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Calendula Seeds

Calendulas are easy to grow, unfussy and heavy flowering. Once up and running they will be fizzing with colour and loved by Bees. Dot in and about your garden, they are free spirits that will happily self-seed and make themselves a home.

Calendulas are easy to grow, unfussy and heavy flowering. Once up and running they will be fizzing with colour and loved by Bees. Dot in and about your garden, they are free spirits that will happily self-seed and make themselves a home.

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Calendula Seeds - Daisy Mix

Average Packet Content 50 seeds

£1.75
Calendula Seeds - Orange King

Average Packet Content 150 seeds

£1.75
Calendula Seeds - Dandy

Average Seed Packet 150 seeds

£2.49
Calendula Seeds - Porcupine

Average Packet Content 110 Seeds

£1.99
Calendula Seeds - Snow Princess

Average Packet Content 120 seeds

£2.99
Calendula Seeds - Kinglet Mix

Average Packet Content 100 seeds

£2.49
Calendula Seeds - Pink Surprise

Average Packet Content 100 seeds

£1.99
Calendula (Organic) officinalis Seeds

Average Packet Content 70 seeds

£2.49
Calendula Seeds - Lemon Zest

Average Packet Content 120 seeds

£1.99
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Why Grow Calendula?

Brightly coloured and demanding attention the non-stop flowering Calendula fits into any garden. Fairly low growing its perfect for the front of hardy annual, herbaceous borders or along the edges of allotment beds. Suttons have some cracking varieties to grow from seed including ‘Kinglet mixed’, the traditional yellow and orange flowers. For something a bit different try the spiky Orange ‘Porcupine’ or even a bit of a curveball with ‘Pink Surprise’.

When To Sow Calendula Seeds?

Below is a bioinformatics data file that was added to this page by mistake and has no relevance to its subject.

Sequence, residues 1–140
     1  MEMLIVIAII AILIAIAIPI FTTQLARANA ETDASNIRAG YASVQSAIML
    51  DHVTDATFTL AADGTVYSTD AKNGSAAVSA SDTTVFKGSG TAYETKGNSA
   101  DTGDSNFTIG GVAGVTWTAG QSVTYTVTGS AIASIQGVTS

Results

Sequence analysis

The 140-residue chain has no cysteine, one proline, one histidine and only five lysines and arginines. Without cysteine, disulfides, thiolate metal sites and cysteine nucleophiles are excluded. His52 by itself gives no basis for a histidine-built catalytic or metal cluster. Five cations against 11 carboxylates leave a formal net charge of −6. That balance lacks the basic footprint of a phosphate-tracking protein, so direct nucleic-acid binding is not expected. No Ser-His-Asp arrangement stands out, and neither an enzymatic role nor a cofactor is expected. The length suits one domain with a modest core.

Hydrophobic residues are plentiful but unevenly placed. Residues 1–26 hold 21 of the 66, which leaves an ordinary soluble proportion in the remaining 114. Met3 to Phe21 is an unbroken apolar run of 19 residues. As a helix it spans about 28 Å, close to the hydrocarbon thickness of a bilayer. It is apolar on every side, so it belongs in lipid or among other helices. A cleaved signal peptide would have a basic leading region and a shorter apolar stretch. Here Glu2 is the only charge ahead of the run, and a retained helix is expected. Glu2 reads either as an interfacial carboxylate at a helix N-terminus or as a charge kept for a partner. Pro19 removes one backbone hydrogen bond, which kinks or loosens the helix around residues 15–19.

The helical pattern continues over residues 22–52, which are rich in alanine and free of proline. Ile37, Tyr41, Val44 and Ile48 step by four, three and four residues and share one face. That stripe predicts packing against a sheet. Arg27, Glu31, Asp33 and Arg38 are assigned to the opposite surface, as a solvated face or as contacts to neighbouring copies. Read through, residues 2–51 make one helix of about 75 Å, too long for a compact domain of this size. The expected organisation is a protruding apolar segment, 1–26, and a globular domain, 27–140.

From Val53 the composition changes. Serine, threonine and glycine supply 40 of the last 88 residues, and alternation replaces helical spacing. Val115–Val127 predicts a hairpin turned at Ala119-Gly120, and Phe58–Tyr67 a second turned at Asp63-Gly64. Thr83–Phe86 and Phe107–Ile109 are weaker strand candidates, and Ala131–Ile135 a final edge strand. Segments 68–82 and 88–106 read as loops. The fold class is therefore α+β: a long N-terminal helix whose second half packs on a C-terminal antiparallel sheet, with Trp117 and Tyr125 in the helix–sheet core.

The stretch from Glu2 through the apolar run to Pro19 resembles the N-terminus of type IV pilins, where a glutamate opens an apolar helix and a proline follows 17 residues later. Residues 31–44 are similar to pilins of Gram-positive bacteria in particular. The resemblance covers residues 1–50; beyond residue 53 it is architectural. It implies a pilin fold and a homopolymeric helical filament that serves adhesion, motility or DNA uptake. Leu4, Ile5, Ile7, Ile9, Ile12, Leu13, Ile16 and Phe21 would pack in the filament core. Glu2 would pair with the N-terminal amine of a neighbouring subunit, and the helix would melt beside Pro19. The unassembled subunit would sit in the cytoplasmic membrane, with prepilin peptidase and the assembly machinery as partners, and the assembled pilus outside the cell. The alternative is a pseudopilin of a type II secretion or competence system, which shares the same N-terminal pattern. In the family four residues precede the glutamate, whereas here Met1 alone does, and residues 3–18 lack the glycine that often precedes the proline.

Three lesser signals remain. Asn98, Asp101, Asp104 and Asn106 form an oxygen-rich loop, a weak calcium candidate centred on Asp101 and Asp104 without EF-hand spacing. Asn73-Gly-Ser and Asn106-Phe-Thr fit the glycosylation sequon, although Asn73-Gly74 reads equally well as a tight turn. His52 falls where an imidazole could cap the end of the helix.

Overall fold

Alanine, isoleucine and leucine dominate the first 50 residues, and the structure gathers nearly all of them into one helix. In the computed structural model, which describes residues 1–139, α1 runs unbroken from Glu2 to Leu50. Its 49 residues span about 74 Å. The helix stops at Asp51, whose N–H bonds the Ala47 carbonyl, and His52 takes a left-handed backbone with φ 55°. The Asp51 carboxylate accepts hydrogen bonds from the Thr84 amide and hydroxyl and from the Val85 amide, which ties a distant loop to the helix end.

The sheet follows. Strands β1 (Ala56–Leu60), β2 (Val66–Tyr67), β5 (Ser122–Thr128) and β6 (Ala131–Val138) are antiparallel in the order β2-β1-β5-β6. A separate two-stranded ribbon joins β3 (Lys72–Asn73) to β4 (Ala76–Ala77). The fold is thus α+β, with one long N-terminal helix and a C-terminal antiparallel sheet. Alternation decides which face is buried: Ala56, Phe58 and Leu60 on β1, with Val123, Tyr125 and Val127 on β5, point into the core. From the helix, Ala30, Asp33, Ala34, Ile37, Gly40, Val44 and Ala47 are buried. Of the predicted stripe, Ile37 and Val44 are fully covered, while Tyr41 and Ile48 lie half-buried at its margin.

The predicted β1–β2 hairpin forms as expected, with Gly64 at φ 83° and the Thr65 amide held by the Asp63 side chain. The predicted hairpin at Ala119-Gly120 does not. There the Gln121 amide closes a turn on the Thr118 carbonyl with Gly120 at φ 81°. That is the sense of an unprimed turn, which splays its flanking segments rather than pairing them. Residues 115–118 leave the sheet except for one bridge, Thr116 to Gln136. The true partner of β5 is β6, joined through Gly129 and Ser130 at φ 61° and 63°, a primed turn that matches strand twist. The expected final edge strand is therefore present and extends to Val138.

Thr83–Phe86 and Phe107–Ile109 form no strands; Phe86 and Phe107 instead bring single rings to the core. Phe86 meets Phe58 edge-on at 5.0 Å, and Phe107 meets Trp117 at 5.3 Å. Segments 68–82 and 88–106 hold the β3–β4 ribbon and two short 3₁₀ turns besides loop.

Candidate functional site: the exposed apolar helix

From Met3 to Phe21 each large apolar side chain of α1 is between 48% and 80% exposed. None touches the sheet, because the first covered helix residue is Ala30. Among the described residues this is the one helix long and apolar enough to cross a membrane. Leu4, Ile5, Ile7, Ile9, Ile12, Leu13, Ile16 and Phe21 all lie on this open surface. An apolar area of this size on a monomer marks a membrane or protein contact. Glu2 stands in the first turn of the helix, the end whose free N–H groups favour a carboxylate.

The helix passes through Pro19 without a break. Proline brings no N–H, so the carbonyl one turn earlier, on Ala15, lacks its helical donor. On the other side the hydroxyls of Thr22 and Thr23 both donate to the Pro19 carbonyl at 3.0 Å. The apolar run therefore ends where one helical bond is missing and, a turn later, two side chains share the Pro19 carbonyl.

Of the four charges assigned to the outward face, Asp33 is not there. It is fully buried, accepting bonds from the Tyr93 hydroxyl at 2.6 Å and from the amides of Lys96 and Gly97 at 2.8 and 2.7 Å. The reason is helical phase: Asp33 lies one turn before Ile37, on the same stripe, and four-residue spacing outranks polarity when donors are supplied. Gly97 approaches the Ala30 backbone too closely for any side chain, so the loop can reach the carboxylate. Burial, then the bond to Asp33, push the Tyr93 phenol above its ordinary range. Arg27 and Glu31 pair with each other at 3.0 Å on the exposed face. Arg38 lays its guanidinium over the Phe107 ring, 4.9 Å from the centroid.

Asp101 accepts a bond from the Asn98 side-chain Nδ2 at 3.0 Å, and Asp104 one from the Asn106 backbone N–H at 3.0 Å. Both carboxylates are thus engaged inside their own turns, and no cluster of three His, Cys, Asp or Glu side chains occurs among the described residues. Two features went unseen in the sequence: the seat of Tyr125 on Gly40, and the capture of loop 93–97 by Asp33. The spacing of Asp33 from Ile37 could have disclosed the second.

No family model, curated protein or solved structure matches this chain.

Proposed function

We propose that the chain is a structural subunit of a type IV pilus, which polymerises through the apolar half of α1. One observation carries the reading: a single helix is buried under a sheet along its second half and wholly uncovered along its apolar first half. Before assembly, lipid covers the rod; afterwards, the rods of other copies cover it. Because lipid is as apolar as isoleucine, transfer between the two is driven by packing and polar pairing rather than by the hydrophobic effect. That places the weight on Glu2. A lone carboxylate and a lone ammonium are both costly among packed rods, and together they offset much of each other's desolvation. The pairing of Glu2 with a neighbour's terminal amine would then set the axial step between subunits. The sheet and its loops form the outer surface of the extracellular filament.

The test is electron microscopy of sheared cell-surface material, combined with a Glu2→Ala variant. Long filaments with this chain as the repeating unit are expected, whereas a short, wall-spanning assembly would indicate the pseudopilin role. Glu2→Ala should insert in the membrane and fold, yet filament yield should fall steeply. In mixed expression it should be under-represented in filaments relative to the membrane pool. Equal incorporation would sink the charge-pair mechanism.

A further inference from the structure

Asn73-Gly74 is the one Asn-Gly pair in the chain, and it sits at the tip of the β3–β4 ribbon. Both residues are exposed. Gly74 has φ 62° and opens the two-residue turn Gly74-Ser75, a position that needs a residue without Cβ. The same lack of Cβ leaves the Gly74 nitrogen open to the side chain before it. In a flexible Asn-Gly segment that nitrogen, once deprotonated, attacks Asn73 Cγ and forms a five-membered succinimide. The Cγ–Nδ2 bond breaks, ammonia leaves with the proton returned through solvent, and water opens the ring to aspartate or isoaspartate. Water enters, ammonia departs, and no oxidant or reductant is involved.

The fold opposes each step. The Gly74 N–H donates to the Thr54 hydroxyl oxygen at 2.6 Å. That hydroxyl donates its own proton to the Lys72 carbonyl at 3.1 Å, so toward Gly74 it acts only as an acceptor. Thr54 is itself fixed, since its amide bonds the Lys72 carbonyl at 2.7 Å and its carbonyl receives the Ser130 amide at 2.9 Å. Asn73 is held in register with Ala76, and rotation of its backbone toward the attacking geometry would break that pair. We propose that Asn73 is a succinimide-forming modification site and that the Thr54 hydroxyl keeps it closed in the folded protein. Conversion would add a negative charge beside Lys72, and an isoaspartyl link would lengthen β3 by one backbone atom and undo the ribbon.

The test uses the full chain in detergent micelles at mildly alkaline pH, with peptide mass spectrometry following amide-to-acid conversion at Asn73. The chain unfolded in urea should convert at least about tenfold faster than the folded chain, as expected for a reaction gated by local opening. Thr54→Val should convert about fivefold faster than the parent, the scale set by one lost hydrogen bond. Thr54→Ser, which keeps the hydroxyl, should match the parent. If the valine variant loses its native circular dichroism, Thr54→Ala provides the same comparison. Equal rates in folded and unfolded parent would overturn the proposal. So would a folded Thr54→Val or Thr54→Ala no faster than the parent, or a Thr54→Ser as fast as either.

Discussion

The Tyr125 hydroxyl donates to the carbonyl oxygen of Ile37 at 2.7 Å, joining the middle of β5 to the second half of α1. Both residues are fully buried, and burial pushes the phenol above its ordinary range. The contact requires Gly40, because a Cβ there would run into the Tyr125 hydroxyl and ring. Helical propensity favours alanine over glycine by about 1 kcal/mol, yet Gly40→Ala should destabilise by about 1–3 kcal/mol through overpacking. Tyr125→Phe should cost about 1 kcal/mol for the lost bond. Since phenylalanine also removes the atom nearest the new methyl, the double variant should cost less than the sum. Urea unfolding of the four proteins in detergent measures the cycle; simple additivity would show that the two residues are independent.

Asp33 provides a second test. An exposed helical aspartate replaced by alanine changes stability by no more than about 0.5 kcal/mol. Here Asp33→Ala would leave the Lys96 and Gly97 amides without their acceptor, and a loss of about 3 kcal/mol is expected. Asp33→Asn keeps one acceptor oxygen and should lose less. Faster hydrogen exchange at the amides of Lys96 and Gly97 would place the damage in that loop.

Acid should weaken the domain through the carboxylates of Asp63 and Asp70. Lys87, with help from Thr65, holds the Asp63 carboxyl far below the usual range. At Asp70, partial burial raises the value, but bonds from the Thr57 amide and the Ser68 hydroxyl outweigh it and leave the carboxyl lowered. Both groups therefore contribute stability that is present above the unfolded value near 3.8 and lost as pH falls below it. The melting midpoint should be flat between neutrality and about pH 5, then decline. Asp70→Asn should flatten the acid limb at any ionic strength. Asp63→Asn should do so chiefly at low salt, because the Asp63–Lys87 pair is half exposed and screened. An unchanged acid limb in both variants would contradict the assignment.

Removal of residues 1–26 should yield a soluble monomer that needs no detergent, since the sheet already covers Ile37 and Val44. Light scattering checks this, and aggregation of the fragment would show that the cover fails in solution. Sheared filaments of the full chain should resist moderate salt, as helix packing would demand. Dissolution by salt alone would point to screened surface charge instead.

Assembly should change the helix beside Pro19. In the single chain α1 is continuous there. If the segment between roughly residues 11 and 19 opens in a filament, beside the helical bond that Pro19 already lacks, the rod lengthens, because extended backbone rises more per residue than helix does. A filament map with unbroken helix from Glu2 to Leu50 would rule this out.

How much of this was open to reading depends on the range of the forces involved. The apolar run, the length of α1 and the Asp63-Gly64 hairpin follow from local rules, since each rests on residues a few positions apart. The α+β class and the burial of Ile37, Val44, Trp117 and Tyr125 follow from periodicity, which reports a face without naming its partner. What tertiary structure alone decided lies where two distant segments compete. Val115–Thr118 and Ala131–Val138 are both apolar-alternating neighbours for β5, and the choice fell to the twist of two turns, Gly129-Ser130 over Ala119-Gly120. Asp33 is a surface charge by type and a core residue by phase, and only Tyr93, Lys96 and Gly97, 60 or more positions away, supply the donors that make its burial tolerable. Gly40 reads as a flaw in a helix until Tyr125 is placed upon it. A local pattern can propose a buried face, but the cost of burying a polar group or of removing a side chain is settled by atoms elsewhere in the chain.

Calendula seeds should be sown between March and May outdoors, for flowering from June to September, or sown in August to September for flowering in May to July.

How To Grow Calendula From Seed? 

Calendulas are hardy annuals, so can be sown and grown in the spot you want to flower.

  • Lightly fork and rake the spot that the calendula flower seeds will be sown. Mix in some organic slow-release fertiliser like Comfrey pellet before planting calendula seeds
  • Sow in drills (lines). So you can identify them after germination. Water using a watering can with a rose turned upwards as this will avoid splashing out the seed
  • Calendulas have the advantage of being able to grow on poor soils, so rarely need extra feed. The odd foliar feed at the early stages of growth will make for a tough plant
  • Removing weeds will help these young plants on their way. Water as the calendula plant establishes, but no need after that 

To encourage continual flowering use florist scissors to deadhead. It’s possible to use the dried flower for decoration. These plants are profuse flowerers and will go until first light frosts.

Calendulas can grow in full sunshine or partial shade. As they are great for wildlife why not broadcast in a wildflower or natural setting. A bright energic plant that once established will freely adapt to a garden.

What Is Calendula Good For?

Calendula fit nicely into a herb or mixed herb medicinal border. Calendula is traditionally used as a balm for wounds. It has healing, aromatic leaves. Calendula petals can be used in cooking, as they have a peppery taste.

How Do You Germinate Calendula Seeds?

Calendula seeds should germinate within 10 to 15 days. As the seedlings develop thin them in stages to achieve the final spacing of about 20cm between each plant

Buy Calendula Seeds UK from Suttons

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